Tuesday, June 18, 2013

MVC Custom Model Binder

Recently I was looking at an unusual problem where we had to add custom fields to a view on an ad hoc basis. Not really a problem if it was an MVC app talking directly to a data source. But mine was over several REST based services that were talking to a CRM dynamics backend, spread across multiple domains. Which meant we had to change the data models through out the system. That's when it occurred to  me that we can have one dedicated field  that can store all the ad hoc field data using JASON or xml and we append it to one of the existing fields. Probably not the ideal solution, but that's when I came across custom binding for MVC. I would like to share with you how simple and easy it is to use custom binding to solve similar issues.

See here for more http://www.codeproject.com/Articles/605595/ASP-NET-MVC-Custom-Model-Binder?msg=4591496#xx4591496xx

Friday, February 10, 2012

The Adapter Pattern

Definition : The adapter pattern is used to match one interface with the other.

Problem : In the below example I have a console application based on FarmAnimals. I would like to build a collection of farm animals with several capabilities. Some of these capabilities I wish to implement on my own , other I hope to be able to make use of using third party libraries with existing functionality. I have found one such library called the ZooLib, but the ZooLib animal implementation a very different interface.

Analysis : My console application FarmAnimals consists of a concrete class called goat that implements the IFarmAnimal interface. The IFarmAnimal interface specifies a method getDietaryType.

The ZooLib assembly consists of a concrete function getFamily, that I would like to use in my console application FarmAnimals. But since my goat class implements IFarmAnimal and the getFamily which is part of the MountainGoat concerete class which implements the interface IZooAnimals which are incompatible interfaces.

Solution : I introduce an abstract base class called ZooAnimalAdapter. ZooAnimalAdapter impliments both interfaces, it delegates all my IFarmAnimal operations to the concrete subclasses and builds wrappers around the IFarmAnimal.


The below is my FarmAnimal application

class Program
static void Main(string[] args)
Goat g = new Goat();


public abstract class ZooAnimalAdapter:IFarmAnimal,IZooAnimal
public abstract void getDietaryType();

public void getFamily()
IZooAnimal za = new MountainGoat();

public interface IFarmAnimal
void getDietaryType();

Below are the contents of the ZooLib library

public interface IZooAnimal
void getFamily();

public class MountainGoat : IZooAnimal
public void getFamily()
Console.WriteLine(" Family : Bovidae");

Sunday, January 29, 2012

Object Oriented Programming

Object Oriented Concepts


   Creating a class based on an existing base class or super type. As the title suggests, this concept defines reuse or the recreation of objects using an existing class.

In the programming world we realize this by defining a base class that contains a set of shared or common methods and then create subclasses that inherit from this class. These methods and properties are then automatically available in the subclass.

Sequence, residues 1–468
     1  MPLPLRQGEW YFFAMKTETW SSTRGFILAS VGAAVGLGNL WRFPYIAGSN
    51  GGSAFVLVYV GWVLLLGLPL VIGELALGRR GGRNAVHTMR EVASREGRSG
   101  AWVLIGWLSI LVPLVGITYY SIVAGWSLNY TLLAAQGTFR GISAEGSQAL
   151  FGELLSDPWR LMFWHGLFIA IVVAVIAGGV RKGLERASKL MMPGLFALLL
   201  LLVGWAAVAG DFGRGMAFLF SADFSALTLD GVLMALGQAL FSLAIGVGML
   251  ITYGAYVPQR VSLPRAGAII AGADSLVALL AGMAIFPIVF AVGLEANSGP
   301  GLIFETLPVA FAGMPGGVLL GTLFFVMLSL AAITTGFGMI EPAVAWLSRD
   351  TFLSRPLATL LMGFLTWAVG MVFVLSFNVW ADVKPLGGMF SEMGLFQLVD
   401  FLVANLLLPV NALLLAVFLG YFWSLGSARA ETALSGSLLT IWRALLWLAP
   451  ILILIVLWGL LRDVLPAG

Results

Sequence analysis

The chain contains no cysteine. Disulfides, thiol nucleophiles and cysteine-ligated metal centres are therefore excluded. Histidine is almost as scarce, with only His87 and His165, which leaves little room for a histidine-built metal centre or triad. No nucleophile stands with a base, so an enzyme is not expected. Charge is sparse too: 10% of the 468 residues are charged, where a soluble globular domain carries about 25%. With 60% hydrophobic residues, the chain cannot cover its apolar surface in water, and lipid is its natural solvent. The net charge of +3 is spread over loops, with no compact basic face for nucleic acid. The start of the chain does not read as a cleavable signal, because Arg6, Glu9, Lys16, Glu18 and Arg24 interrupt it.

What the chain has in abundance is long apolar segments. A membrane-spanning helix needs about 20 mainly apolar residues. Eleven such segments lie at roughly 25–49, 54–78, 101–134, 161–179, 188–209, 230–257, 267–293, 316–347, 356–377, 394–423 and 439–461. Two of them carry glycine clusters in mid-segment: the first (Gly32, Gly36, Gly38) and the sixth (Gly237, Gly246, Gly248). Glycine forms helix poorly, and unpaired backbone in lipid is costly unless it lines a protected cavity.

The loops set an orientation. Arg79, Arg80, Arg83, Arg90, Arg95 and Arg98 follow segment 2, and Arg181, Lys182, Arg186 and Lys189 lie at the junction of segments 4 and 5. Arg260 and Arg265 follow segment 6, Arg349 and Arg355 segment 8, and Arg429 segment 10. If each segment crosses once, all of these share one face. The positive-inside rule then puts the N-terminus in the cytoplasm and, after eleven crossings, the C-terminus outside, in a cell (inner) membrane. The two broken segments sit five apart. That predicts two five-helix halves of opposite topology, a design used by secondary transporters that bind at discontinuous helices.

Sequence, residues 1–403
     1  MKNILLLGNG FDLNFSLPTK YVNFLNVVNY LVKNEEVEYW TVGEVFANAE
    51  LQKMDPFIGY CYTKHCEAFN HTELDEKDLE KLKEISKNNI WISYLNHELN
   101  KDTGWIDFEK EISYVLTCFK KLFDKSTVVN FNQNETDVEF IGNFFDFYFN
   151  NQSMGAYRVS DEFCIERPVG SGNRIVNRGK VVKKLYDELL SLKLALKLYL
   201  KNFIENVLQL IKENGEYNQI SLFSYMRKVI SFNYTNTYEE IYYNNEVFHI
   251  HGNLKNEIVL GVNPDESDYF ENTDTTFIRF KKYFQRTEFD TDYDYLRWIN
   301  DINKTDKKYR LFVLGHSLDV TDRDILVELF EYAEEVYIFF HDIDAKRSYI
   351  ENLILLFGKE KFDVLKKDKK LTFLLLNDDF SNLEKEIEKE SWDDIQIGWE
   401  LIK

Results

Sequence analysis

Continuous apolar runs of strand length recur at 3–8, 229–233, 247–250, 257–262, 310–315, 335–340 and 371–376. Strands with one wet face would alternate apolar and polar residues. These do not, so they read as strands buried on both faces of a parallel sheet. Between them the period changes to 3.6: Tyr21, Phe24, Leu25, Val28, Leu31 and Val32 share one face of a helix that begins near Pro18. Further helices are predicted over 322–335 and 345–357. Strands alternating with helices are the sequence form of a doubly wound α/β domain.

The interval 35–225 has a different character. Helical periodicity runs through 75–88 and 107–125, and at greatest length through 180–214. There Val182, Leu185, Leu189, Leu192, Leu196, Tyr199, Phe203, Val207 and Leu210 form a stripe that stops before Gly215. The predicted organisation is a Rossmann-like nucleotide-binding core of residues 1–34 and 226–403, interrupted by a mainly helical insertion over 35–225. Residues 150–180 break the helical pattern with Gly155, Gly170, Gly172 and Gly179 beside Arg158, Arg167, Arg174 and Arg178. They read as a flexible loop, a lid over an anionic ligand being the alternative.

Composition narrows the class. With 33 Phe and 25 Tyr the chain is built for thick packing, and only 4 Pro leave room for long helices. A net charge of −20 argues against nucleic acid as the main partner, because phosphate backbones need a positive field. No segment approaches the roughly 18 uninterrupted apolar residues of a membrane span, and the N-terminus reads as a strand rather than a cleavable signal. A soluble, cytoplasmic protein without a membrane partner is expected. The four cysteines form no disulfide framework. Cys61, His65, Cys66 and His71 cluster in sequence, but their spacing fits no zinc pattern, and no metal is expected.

What can we achieve by Inheritance?
The implementation of a common method/methods can be reused or shared among the subclasses from the base class.


The basic principle behind abstraction is to hide the complex details and keep things simple.

In the programming world we realize this by defining a base abstract class that contains a method/methods with or without concrete  implementations.The subclasses that extend this abstract class may or may not in turn implement these methods.

What can we achieve by Abstraction?
As you will read later below, one of the principles of object oriented principles is to code to an interface rather than an implementation. Abstraction helps in coding to a interface or a super type giving you the flexibility to change the implementation at a later stage.


 Polymorphisms is a generic term that means 'many shapes'. In OOP's polymorphism is the ability to be able define multiple implementations for the same method call.

In the programming world we realize this by defining a common interface across various concrete class with different implementations.

Ad-hoc polymorphism: polymorphism is not the same as method overloading or method overriding 

What can we achieve by Polymorphism?
We can achieve interchangeability. That is we can easily change the behavior of a given method without the need to create a new type.


Simply means hiding information that does not need to be seen by others. An analogy can be made here with the notion of a capsule, which not only encloses its contents, but also protects it from the exterior environment.

In the programming world we realize this by the use of access modifiers. For example we can make the methods of  a class private thus making its implementation in accessible to other objects.

What can we achieve by Encapsulation?
We can reduce the dependency of objects on each other. For example we can prevent users from setting the internal data of the component into an invalid or inconsistent state.

Object oriented principles

1) Code to an interface rather than to an implementation
2) Favor composition over inheritance
3) Encapsulate what changes or varies